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Thread: The sandsharks of Langebaan

  1. #1
    Join Date
    Sep 2006
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    Default The sandsharks of Langebaan

    I saw the thread about flatties on fly, and was going to post this there, but this information is specific to targetting the sandsharks at Langebaan so thought i would give it it's own thread. Langebaan is starting to warm up at the moment so the sandshark fishing should get quite good soon so thought it would be a good time to share this.

    A while ago Dave Marshal pm'ed me for information about targetting them, and i have just cut and pasted my response to him here:

    If you're going for just a day, check the tides, the wind and the cloud cover. The less wind the better because of visibility. We are always targetting sighted fish so a chop on the water makes them much harder to see. If there is wind on all the days, then look for the sunniest day on the weekend as this will also help you see them. The tide is important as the fishing is definately better on the pushing tide but you can still catch the fish around low tide, you will just have to walk a lot more to find the fish.

    We usually wade the prawn flats until we spot a moving sandie. They must be moving or they will not take a fly. You will see lots that are buried in the sand and there is absolutely no point in targetting these fish. you can drop your fly right on their nose right at your feet and they will not respond. The ones that are moving are looking for food and those are the ones you must target. As soon as we see a fish, We cast the fly in front of them by a few metres and hope they stay on that course. If the fly lands with too much of a plop on the surface it can spook them so we try lead them by as much as possible. If they see the fly, they will move towards it and land on top of it. Now the difficult part is when to strike because you can't see when he actually eats it. We used to strike when he lands on it but were foul hooking a lot of them like that. The last few trips we did, we noticed that when he is moving towards it, we give it very short little strips (like 1 inch strips) and keep doing it when he lands on it. you will then go tight as soon as he eats it and you can then strike. Our theory is that he lands on the fly but dosn't necessarily land his mouth on it, and feels around for the movement of the fly (think as if he landed on a moving prawn), and he then moves his mouth to where he feels the movement and eats it. Another important thing is that you must be able to see your fly so that you know when he stops on top of it.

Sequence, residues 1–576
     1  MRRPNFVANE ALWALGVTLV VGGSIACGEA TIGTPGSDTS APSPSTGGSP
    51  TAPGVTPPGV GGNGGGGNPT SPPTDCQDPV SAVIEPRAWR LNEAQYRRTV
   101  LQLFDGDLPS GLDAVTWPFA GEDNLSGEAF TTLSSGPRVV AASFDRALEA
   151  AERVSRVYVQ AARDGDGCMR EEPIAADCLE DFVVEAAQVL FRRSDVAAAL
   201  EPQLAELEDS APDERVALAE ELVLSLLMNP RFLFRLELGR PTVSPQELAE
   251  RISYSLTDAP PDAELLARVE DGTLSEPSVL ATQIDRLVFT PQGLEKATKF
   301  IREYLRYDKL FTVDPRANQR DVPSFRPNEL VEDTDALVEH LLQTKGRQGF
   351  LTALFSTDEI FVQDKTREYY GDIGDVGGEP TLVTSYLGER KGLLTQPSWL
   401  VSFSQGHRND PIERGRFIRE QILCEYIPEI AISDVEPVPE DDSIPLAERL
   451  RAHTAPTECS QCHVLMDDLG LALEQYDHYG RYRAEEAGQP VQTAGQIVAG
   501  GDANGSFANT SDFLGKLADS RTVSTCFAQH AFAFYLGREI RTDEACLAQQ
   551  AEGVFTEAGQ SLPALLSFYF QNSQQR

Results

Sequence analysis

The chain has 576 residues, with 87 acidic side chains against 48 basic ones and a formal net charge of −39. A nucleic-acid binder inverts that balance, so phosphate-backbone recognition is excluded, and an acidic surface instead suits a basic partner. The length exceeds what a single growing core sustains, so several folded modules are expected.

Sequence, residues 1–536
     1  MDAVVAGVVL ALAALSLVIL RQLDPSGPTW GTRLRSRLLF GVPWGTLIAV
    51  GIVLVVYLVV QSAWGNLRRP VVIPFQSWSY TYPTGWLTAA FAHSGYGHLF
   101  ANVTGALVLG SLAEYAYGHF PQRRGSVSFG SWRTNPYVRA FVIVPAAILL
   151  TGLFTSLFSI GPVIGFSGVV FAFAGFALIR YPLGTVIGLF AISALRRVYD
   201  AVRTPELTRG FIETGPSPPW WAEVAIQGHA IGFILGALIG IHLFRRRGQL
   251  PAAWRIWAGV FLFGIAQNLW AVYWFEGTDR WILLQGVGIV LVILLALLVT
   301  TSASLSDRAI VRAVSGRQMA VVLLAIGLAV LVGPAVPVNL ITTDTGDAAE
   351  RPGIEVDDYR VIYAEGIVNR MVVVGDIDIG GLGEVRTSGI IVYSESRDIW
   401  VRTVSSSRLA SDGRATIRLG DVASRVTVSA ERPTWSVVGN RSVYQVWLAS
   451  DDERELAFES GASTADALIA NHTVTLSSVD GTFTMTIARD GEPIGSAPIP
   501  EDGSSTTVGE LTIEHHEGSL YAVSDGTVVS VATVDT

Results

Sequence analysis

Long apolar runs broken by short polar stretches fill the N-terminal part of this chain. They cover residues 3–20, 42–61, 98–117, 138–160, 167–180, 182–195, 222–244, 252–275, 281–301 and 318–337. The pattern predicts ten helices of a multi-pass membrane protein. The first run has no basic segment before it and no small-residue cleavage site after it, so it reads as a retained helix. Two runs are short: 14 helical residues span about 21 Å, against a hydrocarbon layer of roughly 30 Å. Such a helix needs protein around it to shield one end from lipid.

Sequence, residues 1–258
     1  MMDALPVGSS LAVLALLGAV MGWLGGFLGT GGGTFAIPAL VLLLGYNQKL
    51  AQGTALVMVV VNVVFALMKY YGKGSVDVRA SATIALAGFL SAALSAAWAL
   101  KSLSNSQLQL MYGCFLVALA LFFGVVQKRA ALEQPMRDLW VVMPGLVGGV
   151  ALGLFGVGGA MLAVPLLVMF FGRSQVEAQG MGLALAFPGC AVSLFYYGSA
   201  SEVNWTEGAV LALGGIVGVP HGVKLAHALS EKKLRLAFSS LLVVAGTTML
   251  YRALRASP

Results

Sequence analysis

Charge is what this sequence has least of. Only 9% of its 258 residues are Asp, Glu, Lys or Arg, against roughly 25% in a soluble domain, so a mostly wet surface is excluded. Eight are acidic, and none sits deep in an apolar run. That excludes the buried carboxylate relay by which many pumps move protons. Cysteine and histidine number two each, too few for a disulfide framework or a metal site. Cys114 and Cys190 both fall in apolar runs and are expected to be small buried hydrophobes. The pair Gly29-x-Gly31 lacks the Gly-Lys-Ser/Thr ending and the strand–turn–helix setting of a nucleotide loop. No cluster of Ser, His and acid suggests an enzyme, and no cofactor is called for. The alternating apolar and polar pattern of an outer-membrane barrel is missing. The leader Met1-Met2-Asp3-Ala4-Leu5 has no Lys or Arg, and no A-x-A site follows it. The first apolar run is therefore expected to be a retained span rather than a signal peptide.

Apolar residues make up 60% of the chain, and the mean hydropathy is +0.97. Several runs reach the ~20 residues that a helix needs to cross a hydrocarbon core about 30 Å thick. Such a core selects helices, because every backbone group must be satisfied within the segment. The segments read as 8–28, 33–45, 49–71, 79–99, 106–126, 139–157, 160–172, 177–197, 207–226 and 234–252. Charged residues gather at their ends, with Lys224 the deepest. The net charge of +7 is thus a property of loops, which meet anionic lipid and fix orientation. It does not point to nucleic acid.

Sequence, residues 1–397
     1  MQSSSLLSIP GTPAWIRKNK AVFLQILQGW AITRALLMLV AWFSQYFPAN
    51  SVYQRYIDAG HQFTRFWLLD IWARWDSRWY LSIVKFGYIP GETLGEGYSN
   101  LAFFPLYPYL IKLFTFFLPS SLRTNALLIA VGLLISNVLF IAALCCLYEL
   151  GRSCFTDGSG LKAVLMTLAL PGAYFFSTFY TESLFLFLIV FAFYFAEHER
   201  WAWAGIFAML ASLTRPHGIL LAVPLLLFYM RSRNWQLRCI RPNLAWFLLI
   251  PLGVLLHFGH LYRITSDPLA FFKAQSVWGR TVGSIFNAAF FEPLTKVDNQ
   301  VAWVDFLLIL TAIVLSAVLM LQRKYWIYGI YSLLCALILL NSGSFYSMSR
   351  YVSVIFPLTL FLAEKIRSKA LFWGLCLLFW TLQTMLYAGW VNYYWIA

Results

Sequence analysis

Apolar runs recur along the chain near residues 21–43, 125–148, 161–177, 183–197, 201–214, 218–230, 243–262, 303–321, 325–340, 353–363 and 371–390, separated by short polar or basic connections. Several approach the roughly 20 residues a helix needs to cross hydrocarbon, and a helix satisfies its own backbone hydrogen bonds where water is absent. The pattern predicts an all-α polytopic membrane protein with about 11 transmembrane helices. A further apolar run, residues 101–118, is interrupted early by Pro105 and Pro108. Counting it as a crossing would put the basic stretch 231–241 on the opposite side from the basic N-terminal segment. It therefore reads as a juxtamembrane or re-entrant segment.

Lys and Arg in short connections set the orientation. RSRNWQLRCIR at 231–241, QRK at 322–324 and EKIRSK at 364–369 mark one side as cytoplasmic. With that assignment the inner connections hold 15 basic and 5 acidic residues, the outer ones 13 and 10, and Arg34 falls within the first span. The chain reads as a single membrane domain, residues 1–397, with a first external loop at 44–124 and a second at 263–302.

The tackle we use is 7 or 8wt rods but a 6wt will be fine too. A 9wt will also be fine, but we find we get better presentation with the lighter rods. We use clear intermediate lines to help reduce spooking the fish and the leader is probably about 10 or 12lb mono or flouro.

    The flies should be quite heavy to get down to the bottom quickly (usually only knee or shin deep but it must get there fast into the path of the fish), but must not be too heavy to spook the fish when it lands on the surface. I use mostly Crazy Charlie patterns with dumbell eyes to get it down. They are mostly about a size 2 or size 4. I like using naturall coloured ones with a bit of olive or brown in them, but these are a bit difficult to see so you can put a bit of red, pink or chartreuse in them to make them easier to see.